Thursday, 28 February 2013

February 2013

With my workload significantly increasing this term and the deadline for my final media project getting ever closer, I thought it best that I had better get down to filming. So early on the 1st I made the journey up to the Cairngorms and began filming in the adverse weather conditions. It was pretty much a white-out on top Cairngorm but I nonetheless found 20+ Ptarmigan. I got a little footage but my camera was seriously struggling so I descended again. Snow Buntings in the car park peaked at 15. The remainder of the day was spent at Loch Garten RSPB with Crested Tits regularly visiting the feeders.

The following day I was more optimistic, the wind was just as strong but the weather forecast seemed better; perhaps I was in for a better chance filming the Ptarmigan. I had arranged an interview with the Ranger first thing and whilst that was in full swing everything started to go wrong. Firstly my microphone wasn't working and then I noticed my phone ringing: Dan Pointon. That only means one thing; MEGA!

Once the interview had finished I promptly returned the call; there was a bloody Pine Grosbeak on Shetland. There was only ever going to be one outcome here, I went to the hostel, changed my dates and made a casual drive to Aberdeen for the over night ferry. Surprisingly there were only three other birders on the ferry so we decided to team up and share a hire car. The next morning we raced to Collafirth shortly after first light and connected immediately! The brute was munching away on pine needles less than 10ft away offering superb views, and even occasionally flew down to the ground less than 4ft from where I was standing to drink. It eventually got light enough to take some decent photos. We spent over two hours enjoying this beast before heading off in pursuit of gulls.

At East Voe of Scalloway we quickly located the first-winter Ring-billed Gull as it came to bread, and two Iceland Gulls (a first-winter and adult) sheltering from the wind in a sheep field. A Black Guillemot was in the harbour there. The remainder of the day was spent trying to find something new without success; but who could complain?!
I caught the overnight ferry back to Aberdeen and headed straight back into the Cairngorms to continue filming. The weather hadn't changed and I struggled to get any other decent footage of my target species so I'll definitely have to return in March. In the meantime I hit the forests and connected with all the expected specialities (including Capercaillie and Crossbills) but failed with Golden Eagle.

A week later and I had an assignment due but managed to wangle some free time to go to Ireland for the day. Unfortunately myself and Stuart Piner failed miserably to see the adult drake Baikal Teal at Tacumshin Lake (Co. Wexford) despite searching the area thoroughly. Nonetheless there was a nice selection of birds present including the juvenile female Northern Harrier frequently hunting the marsh.

Once the assignment was done and dusted, I went back south to surprise Emma for valentines (who said romance was dead?). There were a few things I wanted to see whilst back in the south so headed off to East Sussex with Lee Fuller for the residing adult winter Bonaparte's Gull (16th). It wasn't showing as well as I had hoped for photography but I still couldn't really complain. On the way home we stopped at Goring for the Snow Bunting and then finally Emsworth for the resident Spotted Redshank; both were far more obliging.  And the Great Grey Shrike finally gave itself up at Beaulieau Road Station (17th) with presumably the same male Hen Harrier quartering the heath.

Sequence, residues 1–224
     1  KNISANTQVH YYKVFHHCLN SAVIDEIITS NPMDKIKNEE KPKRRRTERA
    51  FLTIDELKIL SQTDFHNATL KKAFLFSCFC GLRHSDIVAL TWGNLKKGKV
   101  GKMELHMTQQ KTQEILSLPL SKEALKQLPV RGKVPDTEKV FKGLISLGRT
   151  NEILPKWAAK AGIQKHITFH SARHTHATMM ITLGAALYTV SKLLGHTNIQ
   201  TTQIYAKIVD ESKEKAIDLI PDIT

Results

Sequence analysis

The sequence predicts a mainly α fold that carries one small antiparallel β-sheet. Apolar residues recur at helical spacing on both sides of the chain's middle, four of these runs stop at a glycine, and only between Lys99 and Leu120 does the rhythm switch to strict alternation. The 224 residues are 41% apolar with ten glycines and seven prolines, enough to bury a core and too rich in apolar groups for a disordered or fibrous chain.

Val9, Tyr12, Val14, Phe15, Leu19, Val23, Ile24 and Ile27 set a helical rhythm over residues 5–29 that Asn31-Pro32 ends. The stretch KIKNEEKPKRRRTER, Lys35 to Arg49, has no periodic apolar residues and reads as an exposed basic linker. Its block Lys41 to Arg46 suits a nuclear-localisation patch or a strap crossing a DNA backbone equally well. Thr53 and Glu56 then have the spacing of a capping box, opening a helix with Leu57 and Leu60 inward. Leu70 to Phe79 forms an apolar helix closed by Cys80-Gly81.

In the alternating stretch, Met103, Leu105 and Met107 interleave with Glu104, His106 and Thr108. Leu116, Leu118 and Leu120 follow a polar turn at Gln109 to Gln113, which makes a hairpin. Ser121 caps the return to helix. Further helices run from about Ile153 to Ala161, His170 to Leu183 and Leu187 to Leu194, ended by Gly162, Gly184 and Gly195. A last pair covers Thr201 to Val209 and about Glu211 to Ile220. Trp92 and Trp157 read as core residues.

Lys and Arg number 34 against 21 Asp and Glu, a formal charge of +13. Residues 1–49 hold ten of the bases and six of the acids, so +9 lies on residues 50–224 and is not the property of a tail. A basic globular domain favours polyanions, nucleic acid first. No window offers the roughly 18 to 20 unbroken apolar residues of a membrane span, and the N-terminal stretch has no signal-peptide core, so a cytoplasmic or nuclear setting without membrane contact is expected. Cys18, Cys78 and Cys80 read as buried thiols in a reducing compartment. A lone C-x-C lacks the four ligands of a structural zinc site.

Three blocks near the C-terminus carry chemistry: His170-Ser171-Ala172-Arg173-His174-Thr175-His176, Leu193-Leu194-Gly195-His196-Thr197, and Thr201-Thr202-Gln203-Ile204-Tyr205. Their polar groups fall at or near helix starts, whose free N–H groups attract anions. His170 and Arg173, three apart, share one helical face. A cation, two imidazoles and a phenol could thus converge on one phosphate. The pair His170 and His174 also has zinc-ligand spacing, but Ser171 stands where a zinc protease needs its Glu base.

Being February I really didn't expect there to be much else going on on the birding front this month. I was given some work for the week whilst in Hampshire; very handy I thought, that was until the drake Harlequin Duck on the Outer Hebrides broke. Bugger. If I was in Carlisle I would've left for this bird immediately but in this case I had to wait till the weekend. It was a long week but the bird lingered on so myself, Kev Hale, David Campbell and Gordon Beck made the overnight journey to the Isle of Skye to catch the ferry to North Uist. Whilst at Uig we were treated to fantastic aerial displays from a White-tailed Eagle giving two Golden Eagles some serious grief for at least thirty minutes!

Once on North Uist we dashed to Balranald RSPB where we promptly located the Harlequin Duck diving and preening near off shore rocks. A truly stunning bird to stay the least, even if it wasn't quite in full adult plumage just yet. Unfortunately my photos of the bird simply don't do it justice! Also on the same beach was a flighty 1st winter Glaucous Gull, 20+ Purple Sandpiper, 200+ Linnet and Twite with what looked like a Greenland-type Redpoll amongst them briefly before the flock were flushed by a hunting Merlin.
There was also a rather convenient supporting cast on the nearby reserve with a Richardson's Canada Goose amongst the 1000+ Barnacle Geese, a female Ring-necked Duck amongst the Tufties and two white-morph Lesser Snow Geese loosely associating with Greylags; all of which contributed to an even more memorable trip!
Once home (Southampton) and recovered I had two days spare before making the journey back to Carlisle yet again. I managed a little birding with a White-fronted Goose at Tundry Pond (24th) but failed with a drake Ferruginous Duck at Blashford Lakes (25th), although a very showy Bittern made up for that! Now with this month quickly coming to an end - I hope things are going to quieten down a little to let me concentrate on my assignments.

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